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Tchenquiz-Imerman v Imerman [2013] EWHC 3627 (Fam)

Contested financial remedy proceedings involving adult beneficiaries of a number of offshore discretionary trusts.

  • In brief: During the course of these well known financial remedy proceedings, as we know, the adult beneficiaries of a number of offshore discretionary trusts had been joined as parties (see Tchenguiz -Imerman v Imerman [2012] EWHC 4277 (Fam)). Subsequently, Mr Justice Moylan had made an order that those beneficiaries, as parties, should disclose copies of documents which had been provided to them for the purposes of an application which had been made to the Royal Court of Jersey by the trustee of some of those trusts. The Royal Court had given the beneficiaries permission to make such disclosure, if they were ordered to do so by this court. But, in doing so, the Royal Court expressed a number of concerns and invited the English court not to require such disclosure. The financial remedy proceedings had subsequently been resolved by a consent order but Moylan J was requested by the parties to give a judgment dealing with the order for disclosure. He also took the opportunity to explain his decision to order disclosure given the terms of the Royal Court's judgment which had now been reported ([2012] (2) JLR 51) and which stated:

    "22. We would hope that the Family Division would, in the interests of comity, take note of those concerns.  We accept, of course, that the Family Division will wish to establish the financial position of the Trusts and the likelihood of the husband benefiting thereunder as part of its role of resolving the financial dispute between the husband and the wife.  However, by ordering the disclosure which it did in July, the Court has done all it can to ensure that the Family Division is made fully aware of the financial position of the Trusts and the likelihood of the husband benefiting.

    23. We accept that we cannot view the matter from the perspective of the Family Division but it does seem to us highly unlikely that the material disclosed for the July proceedings will add to the relevant knowledge about the Trusts on the part of the Family Division or will be relevant to the issue which the Family Division has to resolve.  The only issues raised in the July proceedings were whether the trustee should provide information to the grandfather and whether it should submit to the jurisdiction of the Family Division.  Following the Court's ruling, the information has been provided to the grandfather (and onwards) and the trustee has not submitted to the jurisdiction.  The reasons for the trustee and the Court reaching that view do not, with respect, seem relevant to the issue of how much, if anything, the husband should be ordered to pay the wife or whether there should be a variation order in relation to any of the Trusts.  The internal thinking of the trustee as to what it considers to be in the best interests of the beneficiaries and the decision of the Court in relation to that matter seems very different from the issue of what order should be made by the Family Division in relation to the financial position of the husband and the wife.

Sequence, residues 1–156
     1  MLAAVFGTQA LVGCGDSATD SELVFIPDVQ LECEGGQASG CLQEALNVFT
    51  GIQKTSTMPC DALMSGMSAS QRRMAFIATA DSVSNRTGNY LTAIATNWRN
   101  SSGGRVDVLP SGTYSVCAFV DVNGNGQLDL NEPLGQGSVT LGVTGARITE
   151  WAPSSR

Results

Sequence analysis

24. We would therefore respectfully invite the Family Division to consider very carefully whether it needs to make any order that the adult beneficiaries disclose material relating to the July proceedings.  If this Court were to find that the Family Division began routinely to make orders requiring disclosure of applications by trustees brought in private, the Court would have to consider amending its procedures either so as to heavily redact any material served on English resident beneficiaries or to preclude material from being sent out of the jurisdiction and allowing only inspection within the jurisdiction.  This would seem to be in no-one's interests.  If, despite this, the Family Division considers that some disclosure should be made, we hope that it will have regard to the remarks of this Court in relation to the different categories of material referred to in the remainder of this judgment."